You might have noticed that the Kickstarter-crowdfunded game Prey for the Gods is now called Praey for the Gods. That name change is actually the result of a trademark dispute involving Praey's developer, No Matter Studios, and Zenimax, Bethesda's parent company.

From 'Prey For The Gods' To 'Praey For The Gods'

For the uninitiated, the dispute grew out of Bethesda's ownership of the Prey trademark. Zenimax was concerned that Prey for the Gods would cause troubles for the company in the future. Hence, it had done something to prevent that.

Naturally, because Bethesda is a big company and No Matter Studios isn't, many became upset over the news. Seeking to better understand what had occurred, several people turned to Twitter to ask Pete Hines, Bethesda's VP for marketing and public relations, why it needed to compel No Matter Studios to change its game's name.

Why Was The Name Changed?

"We really didn't have much of a choice," said Hines in response to Slipgate Studios level designer Daniel Mortensen, who asked him how he can defend the company in light of the dispute.

"If we don't oppose the mark, we risk losing our Prey trademark. We don't really have a choice."

According to Hines, Zenimax had already contacted No Matter Studios in 2015 to notify them of the potential implications — but the warning was ignored. Hines adds neither companies are responsible for how trademark laws work, and that there have been similar situations in which Zenimax itself had to comply with name changes to avoid scuffing with trademark laws. To that end, when somebody pointed out how Mojang, the developer behind Minecraft, used Scrolls back in 2012, Hines said:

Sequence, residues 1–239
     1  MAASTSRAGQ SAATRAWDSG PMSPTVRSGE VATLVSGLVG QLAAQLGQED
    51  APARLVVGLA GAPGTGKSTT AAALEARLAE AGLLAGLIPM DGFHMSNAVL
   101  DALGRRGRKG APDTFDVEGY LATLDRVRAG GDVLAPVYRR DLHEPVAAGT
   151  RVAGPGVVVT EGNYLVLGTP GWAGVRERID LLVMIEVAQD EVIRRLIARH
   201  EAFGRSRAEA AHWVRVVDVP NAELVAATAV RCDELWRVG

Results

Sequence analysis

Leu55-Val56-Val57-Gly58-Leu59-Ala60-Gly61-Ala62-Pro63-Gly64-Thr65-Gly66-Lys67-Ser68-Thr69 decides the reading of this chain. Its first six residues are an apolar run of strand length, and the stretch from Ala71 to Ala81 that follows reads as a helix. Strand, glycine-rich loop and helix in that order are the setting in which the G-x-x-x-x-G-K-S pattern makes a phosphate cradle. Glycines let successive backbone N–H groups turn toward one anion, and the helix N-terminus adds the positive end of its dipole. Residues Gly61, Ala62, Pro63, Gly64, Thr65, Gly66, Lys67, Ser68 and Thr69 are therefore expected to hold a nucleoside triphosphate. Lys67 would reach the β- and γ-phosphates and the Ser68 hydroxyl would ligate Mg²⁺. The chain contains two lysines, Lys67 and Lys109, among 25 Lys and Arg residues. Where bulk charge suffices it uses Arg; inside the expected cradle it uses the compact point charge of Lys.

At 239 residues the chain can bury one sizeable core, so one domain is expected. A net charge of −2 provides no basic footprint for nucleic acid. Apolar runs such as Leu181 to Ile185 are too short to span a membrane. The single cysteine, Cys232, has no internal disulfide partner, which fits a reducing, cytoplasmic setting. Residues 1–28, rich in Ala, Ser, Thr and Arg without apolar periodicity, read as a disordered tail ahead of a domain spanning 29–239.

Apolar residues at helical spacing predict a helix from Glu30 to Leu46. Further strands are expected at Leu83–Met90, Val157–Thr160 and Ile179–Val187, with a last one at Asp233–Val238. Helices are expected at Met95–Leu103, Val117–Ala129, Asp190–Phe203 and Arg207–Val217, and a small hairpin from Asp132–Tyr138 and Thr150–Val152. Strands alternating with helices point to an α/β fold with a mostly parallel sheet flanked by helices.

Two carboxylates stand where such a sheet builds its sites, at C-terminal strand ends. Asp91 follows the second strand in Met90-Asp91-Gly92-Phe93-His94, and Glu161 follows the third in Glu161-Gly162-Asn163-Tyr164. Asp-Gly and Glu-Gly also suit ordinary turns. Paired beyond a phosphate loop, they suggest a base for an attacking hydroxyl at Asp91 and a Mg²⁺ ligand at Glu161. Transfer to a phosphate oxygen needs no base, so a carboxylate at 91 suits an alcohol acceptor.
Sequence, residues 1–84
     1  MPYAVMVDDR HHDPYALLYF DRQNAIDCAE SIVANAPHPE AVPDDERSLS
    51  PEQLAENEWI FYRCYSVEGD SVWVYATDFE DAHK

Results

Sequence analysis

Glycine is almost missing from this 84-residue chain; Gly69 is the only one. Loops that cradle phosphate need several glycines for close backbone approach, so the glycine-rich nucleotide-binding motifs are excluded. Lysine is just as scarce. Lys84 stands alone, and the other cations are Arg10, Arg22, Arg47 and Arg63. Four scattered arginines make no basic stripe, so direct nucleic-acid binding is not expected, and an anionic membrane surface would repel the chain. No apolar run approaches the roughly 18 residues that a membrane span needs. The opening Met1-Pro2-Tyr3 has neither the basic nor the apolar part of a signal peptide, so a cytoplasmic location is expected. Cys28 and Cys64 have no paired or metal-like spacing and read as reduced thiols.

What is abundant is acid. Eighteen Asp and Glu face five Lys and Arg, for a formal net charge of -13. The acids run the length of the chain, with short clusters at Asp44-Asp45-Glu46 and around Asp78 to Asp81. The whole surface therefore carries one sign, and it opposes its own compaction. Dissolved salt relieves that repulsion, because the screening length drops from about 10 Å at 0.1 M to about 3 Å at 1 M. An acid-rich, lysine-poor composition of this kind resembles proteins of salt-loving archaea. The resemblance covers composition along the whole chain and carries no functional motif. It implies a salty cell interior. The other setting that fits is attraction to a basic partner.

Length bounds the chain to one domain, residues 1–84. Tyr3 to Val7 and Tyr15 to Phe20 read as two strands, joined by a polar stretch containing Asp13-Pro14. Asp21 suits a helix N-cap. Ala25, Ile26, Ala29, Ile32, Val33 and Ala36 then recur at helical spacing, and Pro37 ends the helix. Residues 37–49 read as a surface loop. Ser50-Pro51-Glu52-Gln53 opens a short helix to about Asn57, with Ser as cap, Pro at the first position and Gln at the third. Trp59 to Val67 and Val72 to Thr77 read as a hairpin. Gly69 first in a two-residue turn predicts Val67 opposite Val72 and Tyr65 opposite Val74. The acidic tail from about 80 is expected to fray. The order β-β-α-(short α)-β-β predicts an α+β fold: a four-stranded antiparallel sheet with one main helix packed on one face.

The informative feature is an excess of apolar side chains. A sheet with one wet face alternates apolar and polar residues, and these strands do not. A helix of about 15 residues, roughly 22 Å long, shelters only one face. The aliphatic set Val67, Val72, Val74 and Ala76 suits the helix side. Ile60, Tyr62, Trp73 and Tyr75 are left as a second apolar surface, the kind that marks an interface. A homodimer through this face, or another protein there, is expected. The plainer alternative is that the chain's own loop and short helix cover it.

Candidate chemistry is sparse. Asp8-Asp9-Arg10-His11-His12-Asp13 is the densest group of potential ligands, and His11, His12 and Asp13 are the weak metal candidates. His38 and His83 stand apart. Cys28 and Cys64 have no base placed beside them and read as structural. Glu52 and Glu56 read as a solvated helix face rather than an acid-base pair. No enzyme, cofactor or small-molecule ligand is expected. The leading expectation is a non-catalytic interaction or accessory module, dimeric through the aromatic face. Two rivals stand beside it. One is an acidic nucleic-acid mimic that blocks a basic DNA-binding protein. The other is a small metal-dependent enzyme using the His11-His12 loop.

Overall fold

"Mojang's trademark filing was rejected, and they basically licensed the right to use Scrolls from us." By Scrolls, Hines is referring to Bethesda's The Elder Scrolls franchise.

Prey Franchise Happening, Says Pete Hines

Hines also noted that Bethesda intends to evolve Prey into its own franchise, which means it's highly likely the name Prey will show up in future titles moving forward. For this reason, the trademark dispute makes sense: it's possible gamers might confuse Prey for the Gods with Prey itself or future games, DLC content, and other elements which will bear the base name.

Both Hines and Mortensen pointed out that the dispute isn't a great situation. It's unfortunate how other developers can't use a fairly common word without running into legal trouble if that word happens to be trademarked. Still, it's how trademark laws work, and there's very little anyone can do about it.

All told, it's good to know that No Matters Studios at least settled on naming its game Praey for the Gods as a recourse. Anyway, the name is not too different from the previous one.

What's more, No Matter Studios may continue developing the game, and they can keep its original logo, which features a woman kneeling in prayer in place of the letter "E" in the word "Prey." Praey for the Gods doesn't have an official release date, but expect due coverage when we find out more.

Do you have any thoughts on Bethesda and No Matter Studios's legal dispute? Also, what do you think about trademark laws — are they ridiculous to you in this regard? Feel free to sound off in the comments section below!

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